Tuesday, February 27, 2007

Denomination Building?

My last post about the Primitive Salvo movement caused a a great conversation. Thanks to all who commented. Aaron raised some great issues about what I would consider denominational distinctives. This generated some further thinking on my part, especially when Bret noted that we did most things for the sake of the Army.

Let me say that I first joined the Army because it was in my blood as a church. My parents are retired officers and I could not imagine worshipping anywhere else. I gave at least some intellectual ascent to the tenets of our faith as I understood them. I also, to some extent, internalized them early on without wrestling with them. I believed them because that was what I was supposed to believe. I was a soldier.

I also bought the whole denominational philosophy of membership, not necessarily real soldiership. Even though I was a soldier in my early teens, missional thinking really was not at the forefront of my thinking. Sadly, while I wrestled with this somewhat in my later teens and in my twenties, I was well into my officership before I really committed myself to the missional component of my "church." I was a son of the regiment. I was in lock step with the denomination and the form of The Army.

I was also right in there when it came to the old "Stepping Up" poster and philoshophy. Cradle roll through Sr. Soldier and every program in between was important. I believed to be part of the movement and to fulfill my role I had to have a programatic mindset. Membership was most important to the program. Jr. Soldiers and Sr. Soldiers were most important in the process.

Recently, the challenge has been re-issued across the US to make more soldiers. We are encouraged to build the Army. In so doing, I believe those challenging us really believe we are building the Kingdom. I believe these Godly people have righteous intentions. While my view of what it means to be a Salvationist is much different than early in my life, I think to many we are seeing our movement as a church and not necessarily what our birthright is. That, in my opinion, is to be a group of Christians dedicated to changing the world through grace, justice and the practical living of holiness.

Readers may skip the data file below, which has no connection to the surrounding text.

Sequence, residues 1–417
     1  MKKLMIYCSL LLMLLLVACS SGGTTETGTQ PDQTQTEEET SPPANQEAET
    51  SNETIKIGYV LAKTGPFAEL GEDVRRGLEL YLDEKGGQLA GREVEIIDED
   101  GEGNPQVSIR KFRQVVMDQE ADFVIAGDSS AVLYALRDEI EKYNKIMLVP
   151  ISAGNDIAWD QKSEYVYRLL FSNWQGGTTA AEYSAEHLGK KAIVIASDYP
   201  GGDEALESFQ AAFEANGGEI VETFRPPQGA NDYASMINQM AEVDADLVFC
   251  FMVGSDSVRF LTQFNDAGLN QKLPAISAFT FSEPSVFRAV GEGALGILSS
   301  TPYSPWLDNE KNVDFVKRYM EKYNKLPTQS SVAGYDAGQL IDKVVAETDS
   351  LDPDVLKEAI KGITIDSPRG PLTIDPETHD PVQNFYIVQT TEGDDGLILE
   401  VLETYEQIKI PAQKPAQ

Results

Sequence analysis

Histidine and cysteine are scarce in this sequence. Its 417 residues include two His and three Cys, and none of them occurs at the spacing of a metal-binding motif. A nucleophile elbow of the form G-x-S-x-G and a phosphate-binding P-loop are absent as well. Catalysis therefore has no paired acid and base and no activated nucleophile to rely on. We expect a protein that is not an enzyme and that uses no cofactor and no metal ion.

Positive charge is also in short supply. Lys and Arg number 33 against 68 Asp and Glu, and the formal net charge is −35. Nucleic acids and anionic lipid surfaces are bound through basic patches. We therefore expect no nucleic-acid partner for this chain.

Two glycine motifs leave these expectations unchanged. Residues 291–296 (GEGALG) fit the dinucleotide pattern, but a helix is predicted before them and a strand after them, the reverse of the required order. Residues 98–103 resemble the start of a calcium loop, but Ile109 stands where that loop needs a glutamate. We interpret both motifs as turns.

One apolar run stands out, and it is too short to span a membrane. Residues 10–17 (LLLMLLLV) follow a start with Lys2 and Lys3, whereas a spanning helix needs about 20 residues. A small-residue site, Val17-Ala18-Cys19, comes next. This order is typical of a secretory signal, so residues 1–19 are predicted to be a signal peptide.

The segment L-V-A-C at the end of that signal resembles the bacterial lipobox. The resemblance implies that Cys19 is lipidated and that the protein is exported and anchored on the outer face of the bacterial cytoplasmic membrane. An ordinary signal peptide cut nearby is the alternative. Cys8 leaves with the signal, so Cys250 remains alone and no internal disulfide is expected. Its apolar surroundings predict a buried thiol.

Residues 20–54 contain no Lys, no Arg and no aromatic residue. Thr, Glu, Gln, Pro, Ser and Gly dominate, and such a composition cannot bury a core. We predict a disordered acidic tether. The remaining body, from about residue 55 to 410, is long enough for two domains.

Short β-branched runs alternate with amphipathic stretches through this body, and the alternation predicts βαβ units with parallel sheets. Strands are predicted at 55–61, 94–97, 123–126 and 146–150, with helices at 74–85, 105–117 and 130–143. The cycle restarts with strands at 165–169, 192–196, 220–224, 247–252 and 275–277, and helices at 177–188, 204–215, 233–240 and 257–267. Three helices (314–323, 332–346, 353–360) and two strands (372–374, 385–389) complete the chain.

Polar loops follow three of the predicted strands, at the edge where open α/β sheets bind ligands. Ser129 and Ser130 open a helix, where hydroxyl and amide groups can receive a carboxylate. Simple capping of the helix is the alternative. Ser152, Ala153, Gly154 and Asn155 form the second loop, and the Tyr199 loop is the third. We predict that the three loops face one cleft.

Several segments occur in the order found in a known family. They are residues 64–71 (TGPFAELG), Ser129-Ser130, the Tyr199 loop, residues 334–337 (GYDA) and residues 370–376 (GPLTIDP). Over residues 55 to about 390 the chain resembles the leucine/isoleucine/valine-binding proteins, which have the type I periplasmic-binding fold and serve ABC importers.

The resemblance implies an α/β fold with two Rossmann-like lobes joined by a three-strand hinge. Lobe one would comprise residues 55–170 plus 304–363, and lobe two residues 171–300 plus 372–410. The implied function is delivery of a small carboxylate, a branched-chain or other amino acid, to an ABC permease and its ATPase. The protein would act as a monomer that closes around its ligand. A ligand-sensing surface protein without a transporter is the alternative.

I love The Salvation Army as a movement! I think that in its various incarnations around the world, it can be vessel used by God for the salvation of individuals and a redemptive force in the pursuit of social justice and the fight against poverty.

I am not sure though that I am convinced about the issue of The Salvation Army as a denomination. I am probably treading dangerously here. I wonder if the Army has gone from a Kingdom movement to a church more concerned with denomination building. I am not sure the two need be mutually exclusive. Although in ever-increasing numbers people are not joining but attending churches because of some of the hard and fast rules that don't allow for the individual to express their faith in unique ways. The more I reflect on this issue, the more I am realizing we are regulated to the point that we have lost the opportunity for the real characters of our movement to come to the forefront as leaders. Instead, I think we often make leaders out of conformists. In other words, those who are in lock step with the denomination.

I am really beginning to wonder about this idea of denomination building. Is it really where we should be going still? Have we forsaken our roots by looking to make soldiers instead of finding new innovative ways to have people fall in love with Jesus? Maybe I am just in a dream state, but I believe that if we are faithful to the mission and I mean really faithful, that God will take care of the movement we call the Army. I am not sure we need a push to build denomination.